March 17, 2016


March 17, 2016:  Thursday, 5th week, Lent / St. Patrick

  • 'Scroll' pin:  God's covenant with Abraham (1st reading, psalm)
  • 'Olympics' pin:  I'm making you father of a host of nations (1st reading)
  • 'Crown' tie bar:  Kings shall stem from you (1st reading)
  • 'Stone' tie pin:  They picked up stones to throw at him (gospel)
  • 'Shamrocks' tie, green beads, and green shirt for St. Patrick
  • Purple suspenders:  Lenten season

For St. Patrick
For today's readings
Pope Francis homily
Abraham had temptations along the path of hope but believed and obeyed the Lord and so set out on the journey to the promised land.  A “thread of hope” joins the story of salvation, a “font of joy.”  The Church speaks to us of the joy of hope.  We pray to remain in the hope of the Church, because it never fails.  Abraham believed against all hope.  When there's no human hope, hope carries us forward and gives joy and peace.
This “joy of Abraham” grows throughout history; sometimes we see it, sometimes not.  Elizabeth rejoiced at Mary's visit; it's the joy of God's presence, and where there's joy, there's peace.  Hope never disappoints, not even in times of slavery.
The “thread of hope” begins with Abraham, who spoke with God, and ends with Jesus.  Hope flows under the water of life; it bears us up so we don’t drown in difficulties and lose the desire to find God.  The God who called Abraham and made him leave his land without knowing where he was going, is the God who goes to the Cross to fulfill the promise he made, and the God who ensured the promise would become a reality.  What unites that first moment to this one is the thread of hope.  Hope unites my Christian life to our Christian life, from one moment to another, to go forward.  Hope gives us peace in dark moments.  Hope is always there:  silent, humble, but strong.
    'Shamrock' word cloud using Celtic Hand font
  • Gn 17:3-9  God to Abram:  “I am making you the father of nations.  Kings shall stem from you.  I will maintain my covenant with you and your descendants forever, to be your God.  I will give you the whole land of Canaan.  You must keep my covenant throughout the ages.”
  • Ps 105:4-9  "The Lord remembers his covenant for ever."  Look to and serve the Lord, our God.  You, his servants, his chosen, recall his wondrous deeds!
  • Jn 8:51-59  Jesus / Jews:  “Whoever keeps my word won't see death.” / “You're possessed.  Abraham and the prophets died; are you greater?” / “God my Father glorifies me.  I know him and keep his word.” / “You've seen Abraham?” / “Before Abraham, I AM.” / They picked up stones to throw at him, but he left.
    St. Patrick
    • Pope Francis:  We commemorate St. Patrick, apostle of Ireland.  His spiritual stamina stirs you, dear young people, to be consistent with your faith; his trust in Christ the Savior sustains you, dear sick and infirm people, in times of difficulty; and his missionary dedication reminds you, dear newlyweds, of the importance of the Christian education of your children.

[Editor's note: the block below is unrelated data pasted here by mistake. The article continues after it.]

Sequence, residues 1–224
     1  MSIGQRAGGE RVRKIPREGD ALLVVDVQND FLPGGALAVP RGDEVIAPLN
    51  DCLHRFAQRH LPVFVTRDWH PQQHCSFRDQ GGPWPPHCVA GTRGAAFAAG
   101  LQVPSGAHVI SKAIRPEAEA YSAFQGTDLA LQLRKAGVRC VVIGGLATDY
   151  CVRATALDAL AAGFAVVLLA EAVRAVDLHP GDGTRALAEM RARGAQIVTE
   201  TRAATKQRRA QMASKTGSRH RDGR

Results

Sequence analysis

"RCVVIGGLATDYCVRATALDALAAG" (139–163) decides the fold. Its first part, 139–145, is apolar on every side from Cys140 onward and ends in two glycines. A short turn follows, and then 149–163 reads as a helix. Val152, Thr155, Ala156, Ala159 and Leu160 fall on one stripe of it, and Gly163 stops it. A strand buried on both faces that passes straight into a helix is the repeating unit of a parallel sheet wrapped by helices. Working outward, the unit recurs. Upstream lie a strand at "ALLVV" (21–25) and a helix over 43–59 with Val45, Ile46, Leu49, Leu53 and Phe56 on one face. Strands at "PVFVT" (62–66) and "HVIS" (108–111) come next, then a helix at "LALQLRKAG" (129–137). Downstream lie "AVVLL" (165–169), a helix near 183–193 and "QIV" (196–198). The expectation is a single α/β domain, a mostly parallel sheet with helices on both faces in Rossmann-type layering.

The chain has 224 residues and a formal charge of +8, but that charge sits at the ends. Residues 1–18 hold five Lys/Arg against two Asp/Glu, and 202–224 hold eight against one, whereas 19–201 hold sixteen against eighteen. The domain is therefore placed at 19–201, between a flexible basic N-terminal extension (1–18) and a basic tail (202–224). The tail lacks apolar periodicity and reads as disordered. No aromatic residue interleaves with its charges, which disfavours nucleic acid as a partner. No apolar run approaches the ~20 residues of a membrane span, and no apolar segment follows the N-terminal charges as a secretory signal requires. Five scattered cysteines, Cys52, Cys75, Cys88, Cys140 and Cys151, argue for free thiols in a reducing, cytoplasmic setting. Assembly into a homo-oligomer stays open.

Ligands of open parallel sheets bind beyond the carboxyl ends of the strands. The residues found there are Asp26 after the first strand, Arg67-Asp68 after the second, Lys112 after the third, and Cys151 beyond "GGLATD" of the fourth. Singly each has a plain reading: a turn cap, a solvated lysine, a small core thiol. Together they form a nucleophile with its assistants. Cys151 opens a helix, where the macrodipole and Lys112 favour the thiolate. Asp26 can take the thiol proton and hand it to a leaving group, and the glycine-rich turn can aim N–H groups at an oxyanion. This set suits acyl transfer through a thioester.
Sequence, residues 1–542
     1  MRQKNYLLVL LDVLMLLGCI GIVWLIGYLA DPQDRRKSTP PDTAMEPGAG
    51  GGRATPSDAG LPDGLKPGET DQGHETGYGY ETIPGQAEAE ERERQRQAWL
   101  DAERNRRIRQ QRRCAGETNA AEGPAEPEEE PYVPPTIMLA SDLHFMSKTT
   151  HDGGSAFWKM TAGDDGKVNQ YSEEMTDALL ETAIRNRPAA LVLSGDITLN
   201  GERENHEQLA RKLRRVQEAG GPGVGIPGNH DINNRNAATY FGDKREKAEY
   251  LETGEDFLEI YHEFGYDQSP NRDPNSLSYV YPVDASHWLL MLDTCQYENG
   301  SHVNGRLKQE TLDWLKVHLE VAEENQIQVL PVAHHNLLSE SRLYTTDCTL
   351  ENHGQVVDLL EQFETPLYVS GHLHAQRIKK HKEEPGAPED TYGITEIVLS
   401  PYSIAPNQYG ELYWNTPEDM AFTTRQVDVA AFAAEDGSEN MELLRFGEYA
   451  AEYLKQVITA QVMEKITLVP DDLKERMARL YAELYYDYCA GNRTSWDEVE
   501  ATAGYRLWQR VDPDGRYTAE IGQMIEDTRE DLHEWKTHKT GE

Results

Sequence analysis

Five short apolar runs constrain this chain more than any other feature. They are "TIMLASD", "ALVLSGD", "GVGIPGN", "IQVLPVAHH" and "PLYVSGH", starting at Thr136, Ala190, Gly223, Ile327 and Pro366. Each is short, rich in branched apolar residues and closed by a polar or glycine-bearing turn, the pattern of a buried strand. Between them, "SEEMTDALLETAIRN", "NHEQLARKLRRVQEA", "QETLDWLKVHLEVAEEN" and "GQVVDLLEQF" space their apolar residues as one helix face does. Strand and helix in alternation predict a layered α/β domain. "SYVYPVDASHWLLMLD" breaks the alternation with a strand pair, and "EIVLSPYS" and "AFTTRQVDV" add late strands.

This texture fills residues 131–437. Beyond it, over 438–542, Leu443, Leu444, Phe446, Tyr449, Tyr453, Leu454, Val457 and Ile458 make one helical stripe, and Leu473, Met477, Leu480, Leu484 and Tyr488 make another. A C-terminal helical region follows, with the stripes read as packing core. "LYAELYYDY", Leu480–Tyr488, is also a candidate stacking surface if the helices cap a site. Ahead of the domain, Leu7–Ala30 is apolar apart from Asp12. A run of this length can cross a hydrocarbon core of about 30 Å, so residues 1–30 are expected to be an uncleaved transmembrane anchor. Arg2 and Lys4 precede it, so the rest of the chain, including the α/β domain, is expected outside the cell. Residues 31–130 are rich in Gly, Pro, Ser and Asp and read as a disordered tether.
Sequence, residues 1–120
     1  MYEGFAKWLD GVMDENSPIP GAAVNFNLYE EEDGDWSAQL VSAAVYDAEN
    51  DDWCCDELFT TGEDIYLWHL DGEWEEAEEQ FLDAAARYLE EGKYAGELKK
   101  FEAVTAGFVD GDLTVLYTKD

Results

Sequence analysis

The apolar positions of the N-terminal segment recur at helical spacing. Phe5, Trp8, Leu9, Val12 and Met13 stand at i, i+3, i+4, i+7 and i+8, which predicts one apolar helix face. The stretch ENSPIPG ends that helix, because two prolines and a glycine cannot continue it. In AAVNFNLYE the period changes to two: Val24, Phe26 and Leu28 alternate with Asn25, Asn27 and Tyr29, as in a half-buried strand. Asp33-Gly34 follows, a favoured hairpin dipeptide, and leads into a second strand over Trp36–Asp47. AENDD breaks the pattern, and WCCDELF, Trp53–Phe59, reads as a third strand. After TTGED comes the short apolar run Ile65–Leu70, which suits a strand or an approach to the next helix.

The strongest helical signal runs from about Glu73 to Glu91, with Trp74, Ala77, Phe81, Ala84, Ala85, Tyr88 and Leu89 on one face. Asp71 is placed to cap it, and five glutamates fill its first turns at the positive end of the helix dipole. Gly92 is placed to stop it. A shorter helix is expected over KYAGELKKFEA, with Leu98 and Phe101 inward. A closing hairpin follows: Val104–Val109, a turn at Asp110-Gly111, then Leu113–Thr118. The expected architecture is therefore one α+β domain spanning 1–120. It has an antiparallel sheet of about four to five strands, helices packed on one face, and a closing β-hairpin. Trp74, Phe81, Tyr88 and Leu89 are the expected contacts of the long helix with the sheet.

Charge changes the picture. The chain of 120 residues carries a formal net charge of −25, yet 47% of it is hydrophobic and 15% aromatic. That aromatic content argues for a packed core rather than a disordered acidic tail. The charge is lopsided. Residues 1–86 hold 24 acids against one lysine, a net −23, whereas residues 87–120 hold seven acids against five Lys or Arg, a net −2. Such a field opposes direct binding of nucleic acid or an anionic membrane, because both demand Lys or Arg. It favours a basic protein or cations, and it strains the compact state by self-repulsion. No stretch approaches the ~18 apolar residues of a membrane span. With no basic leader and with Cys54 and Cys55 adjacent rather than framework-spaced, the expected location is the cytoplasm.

• Universalis:  Patrick, missionary bishop, Ireland patron saint, remembered for simplicity and pastoral care, humble trust in God, and fearless preaching to those who enslaved him in youth; see also Catholic Encyclopedia.

      • Creighton:  Would I have believed Jesus if I'd been there when he responded, “Before Abraham came to be, I AM”?  Or would I have picked up a stone to throw at him?  We can still choose to pick up stones to throw at him, or believe him....
      • One Bread, One Body:  "The Word's word":  Jesus's words are "living and effective" and "spirit and life"; if we keep them, we'll "never see death."  Read, pray, share, love, live, and obey God's word, and "pray that it may make progress and others hail it."
        God's covenant with Abraham, referencing Gn 17:1;
        God and Abraham link today's readings
      • Passionist:  A promise is a reaching out from one person to another; the Latin means 'sending forth.'   Promises are at the heart of families (e.g. marriage vows), nation-building (e.g. pledge of allegiance), and economic stability (e.g. that currency will have value).  God took the initiative in making promises to us, as we hear in the 1st reading in his promise to Abraham.  In today's gospel Jesus tells the Jews that he IS before Abraham.  He fulfills the promise God made to Abraham.  God's promise unfolds and assumes various forms.  Lent is a time to refine our sensitivity to and awareness of it working itself out in our lives.  The Jews didn't  recognize the Abrahamic promise in the man before them.  We too can fail to identify Jesus in the ways he comes to us:  sacraments, scripture, people....   May our eyes be opened and cleansed so we may see....
      •  "Before Abraham was, I am":  Jesus made a claim only God can make:  "if you keep my word, you'll never see death."  "He saw another death from which he came to free us:  the second death, eternal death, the death of hell, the death of the damned, which is shared with the devil and his angels!  This is the real death; the other kind of death is only a passage" (Augustine, Tractates on the Gospel of John 43.10-11).  God offered Abraham an "everlasting covenant."  Jesus came to fulfill it so we could know and be united with God.  Jesus challenged the Israelites to accept his word as the revelation of God; his claim challenged their belief and understanding.  Jesus claimed unique knowledge of and obedience to God the Father.  In Jesus we see what God wants us to know and be.  Jesus identified himself as "I AM," timeless, as only God is.  "Jesus Christ is the same yesterday and today and forever."  The eternal God became a man for our sake, for our salvation; he made it possible for us to share his immortality.

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